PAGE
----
SELECT PRAISE FOR CoDex 1962: 'This is a work of great ambition ... above all it feels like a work of virtuoso narrative for its own sake; an Icelandic 1001 Nights'
Sjón writes with a poet's ear and a musician's natural sense of rhythm . . . has mastered (Günter Grass)'s technique of merging history with high-speed comedy and surreal profundity . . . an heir of Mikhail Bulgakov and Laurence Sterne, eases literary references into the text as mere suggestions . . . His wild, subversive imagination is among his great strengths
Bewitching . . . His stories compound the dreamscapes of Surrealism, the marvels of Icelandic folklore and a pop-culture sensibility into free-form fables. Call it magic realism under Nordic lights
[CoDex 1962] consumed me for the better part of a week. I can only echo Loewe, with gratitude, exasperation and awe. "This book's a bloody thief of time."
This book is psychedelic, it's potent and it wants to consume the whole world . . . Sjón is a prodigal storyteller in all senses of the phrase . . . he is a master of atmosphere, a fine observer of the cross-hatchings of human motivation and a vivid noticer of detail.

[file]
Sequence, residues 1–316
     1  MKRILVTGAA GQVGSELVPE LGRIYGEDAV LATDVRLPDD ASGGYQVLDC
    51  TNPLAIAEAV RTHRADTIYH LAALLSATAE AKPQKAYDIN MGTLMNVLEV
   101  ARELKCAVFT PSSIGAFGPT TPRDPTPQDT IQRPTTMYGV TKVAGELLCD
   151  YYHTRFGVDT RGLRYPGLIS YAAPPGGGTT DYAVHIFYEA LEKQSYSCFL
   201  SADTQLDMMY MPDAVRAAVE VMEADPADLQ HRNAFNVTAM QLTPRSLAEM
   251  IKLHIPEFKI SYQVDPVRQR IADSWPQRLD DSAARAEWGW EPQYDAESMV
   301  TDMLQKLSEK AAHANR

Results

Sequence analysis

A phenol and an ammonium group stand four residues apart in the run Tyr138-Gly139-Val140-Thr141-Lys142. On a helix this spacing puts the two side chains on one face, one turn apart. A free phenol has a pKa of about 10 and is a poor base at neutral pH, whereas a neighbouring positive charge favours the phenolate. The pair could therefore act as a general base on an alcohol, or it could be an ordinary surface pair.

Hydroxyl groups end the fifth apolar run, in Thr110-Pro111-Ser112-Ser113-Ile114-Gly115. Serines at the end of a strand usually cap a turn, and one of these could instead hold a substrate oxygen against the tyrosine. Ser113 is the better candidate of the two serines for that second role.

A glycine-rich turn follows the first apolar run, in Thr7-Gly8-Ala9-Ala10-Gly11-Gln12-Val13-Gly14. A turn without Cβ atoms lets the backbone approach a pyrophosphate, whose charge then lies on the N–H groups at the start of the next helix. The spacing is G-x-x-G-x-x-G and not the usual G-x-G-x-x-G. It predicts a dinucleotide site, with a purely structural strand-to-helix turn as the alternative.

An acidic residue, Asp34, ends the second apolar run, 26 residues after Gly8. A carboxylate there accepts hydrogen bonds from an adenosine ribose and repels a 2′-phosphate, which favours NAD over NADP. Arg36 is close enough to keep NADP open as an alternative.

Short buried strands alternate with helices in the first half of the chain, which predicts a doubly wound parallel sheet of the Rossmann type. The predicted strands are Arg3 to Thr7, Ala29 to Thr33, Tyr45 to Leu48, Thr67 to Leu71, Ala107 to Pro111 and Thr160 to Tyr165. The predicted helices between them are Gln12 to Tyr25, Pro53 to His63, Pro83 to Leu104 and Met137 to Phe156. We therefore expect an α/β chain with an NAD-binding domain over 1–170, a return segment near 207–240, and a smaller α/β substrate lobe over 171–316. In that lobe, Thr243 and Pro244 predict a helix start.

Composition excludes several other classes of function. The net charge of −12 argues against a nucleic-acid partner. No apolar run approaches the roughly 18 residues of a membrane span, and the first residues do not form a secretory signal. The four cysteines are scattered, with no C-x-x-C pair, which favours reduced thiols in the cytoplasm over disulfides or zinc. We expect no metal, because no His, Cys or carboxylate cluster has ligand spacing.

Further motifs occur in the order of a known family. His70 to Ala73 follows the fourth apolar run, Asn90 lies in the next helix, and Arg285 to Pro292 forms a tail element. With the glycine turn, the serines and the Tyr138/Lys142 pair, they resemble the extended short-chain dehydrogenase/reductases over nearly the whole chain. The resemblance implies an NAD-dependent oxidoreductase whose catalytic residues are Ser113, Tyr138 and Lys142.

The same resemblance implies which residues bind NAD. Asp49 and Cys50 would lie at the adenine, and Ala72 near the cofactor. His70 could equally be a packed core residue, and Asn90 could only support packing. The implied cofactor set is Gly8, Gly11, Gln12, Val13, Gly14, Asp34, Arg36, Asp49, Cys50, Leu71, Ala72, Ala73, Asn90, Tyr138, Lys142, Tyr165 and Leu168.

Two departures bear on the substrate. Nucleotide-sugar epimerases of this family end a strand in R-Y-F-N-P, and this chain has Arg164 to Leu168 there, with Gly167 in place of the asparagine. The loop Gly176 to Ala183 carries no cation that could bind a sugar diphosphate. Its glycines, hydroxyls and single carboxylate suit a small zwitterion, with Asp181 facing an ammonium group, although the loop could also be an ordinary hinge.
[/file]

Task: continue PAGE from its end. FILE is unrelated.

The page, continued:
Sjón's novels are brilliant collisions of history and fable, psychology and fantasy
Sjón is one of our era's great writers. Like Ovid, Kafka, and Bulgakov, he is fascinated by metamorphosis and, from apparently limitless resources of the imagination, can convey what it must feel like.
Sjón's policy of omission-of drama, psychology, violence, grandeur of any kind-results in a delicious tension. He tempts us to expect so much of the novel, and though he never provides the relief of clean culminations, he manages to keep the reader wanting.
A slim forensic novel to strike a chill.
Sjón's prose is appropriately sharp and precise, illuminating the murky corners of his topic.